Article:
Indicates that repression of intellectuals in the East continues, but on a reduced scale. Ambassador Farland advises that the best policy is to continue the current practice of "persistent but quiet pressure on GOP toward better treatment of East Pakistanis in all categories."

Document 26

Memorandum for General Haig, Pakistan/India Contingency Planning, Secret/Eyes Only, November 15, 1971, 3 pp. Includes JCS Cable.

Source: NPMP, NSC Files, Indo-Pak War, Box 570

The U.S. disguising the movement of the nuclear aircraft carrier, the USS Enterprise into the Bay of Bengal for evacuation purposes, gladly lets the ship movement represent possible American involvement in the conflict, especially if it expanded to a superpower confrontation. Admiral Welander from the NSC Staff indicates that the JCS has approved, for planning purposes only, the CINCPAC concept to ready a USS attack carrier to dissuade "third party" involvement in the South Asia crisis.

Document 27

United States Embassy (Islamabad) Cable, Pakistan Crisis, November 18, 1971, Secret, 9 pp. Attached to Presidents Saturday Briefing and includes United Stated Embassy (New Delhi) Cables Dated November 15 and 16, 1971.

Source: Nixon Presidential Materials Project (NPMP), National Security Council Files, Indo-Pak War, Box 570

Keating suggests that Gandhi is trying to "cool" the political climate in India while continuing to exert pressure on Pakistan. The Presidents Briefing indicates however, that India is stepping up its support for the guerillas fighting in East Pakistan, action that could "goat" the Pakistanis into a full scale war.

Document 28

White House, Telephone Conversations (Telcon), Dated December 4 and December 16, 1971, 11 pp. Includes Cover Sheet Dated January 19, 1972

Source: NPMP, NSC Files, Country Files: Middle East, Box 643. These telcons show Nixon and Kissinger's knowledge of third party transfers of military supplies to Pakistan. Haig summarizes the Telcons to Kissinger by writing that the telcons, "confirm the President's knowledge of, approval for and, if you will, directive to provide aircraft to Iran and Jordan," in exchange for providing aircraft to Pakistan. The telcons also show that Kissinger and Nixon, following the advice of Barbara Walters, decide to put out a White House version of the facts involved with the South Asian crisis through John Scali. Nixon express his desire to, "get some PR out on the- - put the blame on India. It will also take some blame off us."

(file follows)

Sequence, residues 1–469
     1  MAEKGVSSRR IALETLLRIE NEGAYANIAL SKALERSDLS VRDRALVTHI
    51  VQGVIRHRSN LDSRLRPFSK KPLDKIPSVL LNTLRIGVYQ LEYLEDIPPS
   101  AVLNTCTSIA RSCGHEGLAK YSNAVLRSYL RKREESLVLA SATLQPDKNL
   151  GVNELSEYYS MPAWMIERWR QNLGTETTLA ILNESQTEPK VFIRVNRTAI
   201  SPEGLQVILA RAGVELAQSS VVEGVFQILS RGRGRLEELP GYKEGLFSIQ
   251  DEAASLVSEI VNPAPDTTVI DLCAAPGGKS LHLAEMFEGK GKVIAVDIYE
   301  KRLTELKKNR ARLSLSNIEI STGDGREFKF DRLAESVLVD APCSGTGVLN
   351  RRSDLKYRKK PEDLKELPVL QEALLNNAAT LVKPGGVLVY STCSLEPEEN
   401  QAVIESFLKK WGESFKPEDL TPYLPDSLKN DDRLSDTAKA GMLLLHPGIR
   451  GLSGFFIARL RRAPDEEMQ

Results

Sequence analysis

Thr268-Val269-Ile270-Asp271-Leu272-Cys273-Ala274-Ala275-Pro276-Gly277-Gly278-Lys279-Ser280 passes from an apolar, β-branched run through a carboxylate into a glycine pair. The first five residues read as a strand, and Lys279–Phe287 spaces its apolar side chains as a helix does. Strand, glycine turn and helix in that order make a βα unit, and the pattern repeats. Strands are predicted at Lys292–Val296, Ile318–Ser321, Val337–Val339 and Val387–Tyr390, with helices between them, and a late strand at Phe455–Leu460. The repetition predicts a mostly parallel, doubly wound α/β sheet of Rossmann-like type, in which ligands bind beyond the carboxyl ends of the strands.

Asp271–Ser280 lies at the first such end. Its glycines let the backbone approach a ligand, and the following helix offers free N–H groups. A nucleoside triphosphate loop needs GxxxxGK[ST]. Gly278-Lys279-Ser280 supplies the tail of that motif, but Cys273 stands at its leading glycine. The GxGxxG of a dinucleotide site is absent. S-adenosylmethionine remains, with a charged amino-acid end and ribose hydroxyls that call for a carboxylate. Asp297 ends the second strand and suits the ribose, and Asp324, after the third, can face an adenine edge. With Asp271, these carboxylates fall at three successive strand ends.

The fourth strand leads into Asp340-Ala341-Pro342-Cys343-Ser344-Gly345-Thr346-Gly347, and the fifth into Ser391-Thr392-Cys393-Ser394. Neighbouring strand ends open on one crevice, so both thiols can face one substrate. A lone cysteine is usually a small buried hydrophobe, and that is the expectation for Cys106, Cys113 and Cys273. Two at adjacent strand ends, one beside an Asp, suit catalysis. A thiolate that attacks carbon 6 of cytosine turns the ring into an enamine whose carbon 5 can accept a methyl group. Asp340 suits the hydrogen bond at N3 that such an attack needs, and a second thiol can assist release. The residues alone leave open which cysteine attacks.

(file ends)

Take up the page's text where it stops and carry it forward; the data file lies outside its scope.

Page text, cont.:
Document 29

National Security Council Memorandum for Henry Kissinger, Jordanian Transfer of F-104's to Pakistan, Secret, December 7, 1971, 7 pp. Includes State Department Cable to Jordan, State Department Memo to Kissinger, and United States Embassy (Amman) cable. First page has handwritten Kissinger note in which he, in reference to the title and secrecy of the issue, suggests "that title should have been omitted."

Source: NPMP, NSC Files, Indo-Pak War, Box 575 Saunders discusses Yahya's request for military equipment from the U.S. and other sources, specifically Jordan. He also observes that "by law," the U.S. "cannot authorize" any military transfers unless the administration was willing "to change our own policy and provide the equipment directly." This would rule out any transfer of American military equipment for Pakistan, supplied by the U.S., or any third party.

Document 30

Background Briefing with Henry Kissinger, December 7, 1971, 14 pp.

Source: NPMP, NSC Files, Indo-Pak War, Box 572 As a result of American media criticism towards the U.S. position on the India-Pakistan conflict, Kissinger in an attempt to straighten the record conducts a "background" press briefing. Kissinger presents the U.S. position using many questionable facts.

Document 31

United States Embassy (New Delhi) Cable, U.S. Public Position on Road to War, Secret, December 8, 1971, 3 pp.

Source: NPMP, NSC Files, Indo-Pak War, Box 572.

Responding to a news story based on Kissinger's background briefing, Keating argues that many of Kissinger's statements can not be supported. Specifically, Keating questions Kissinger's reference to Indian requests for a relief program, the Pakistani offer of amnesty to Awami Leaguers, and his claim that Washington has favored autonomy for East Pakistan.

Document 32

Event Summary by George H.W. Bush, December 10, 1971, 7 pp.

Source: George Bush Presidential Library. George H.W. Bush Collection. Series: United Nations File, 1971-1972, Box 4.

UN Ambassador Bush describes the December 10 meeting between Kissinger and the Chinese delegation to the United Nations. While discussing the India-Pakistan crisis, Kissinger reveals that the American position on the issue was parallel to that of the Chinese. Kissinger disclosed that the U.S. would be moving some ships into the area, and also that military aid was being sent from Jordan, Turkey, and Iran. Some of this aid was illegally transferred because it was American in origin. Bush also reports that Kissinger gives his tacit approval for China to provide militarily support for Pakistani operations against India. Bush expresses his personal doubts in the administration's "Two State Departments thing," and takes issue with Kissinger's style, in one instance calling him paranoid and arrogant.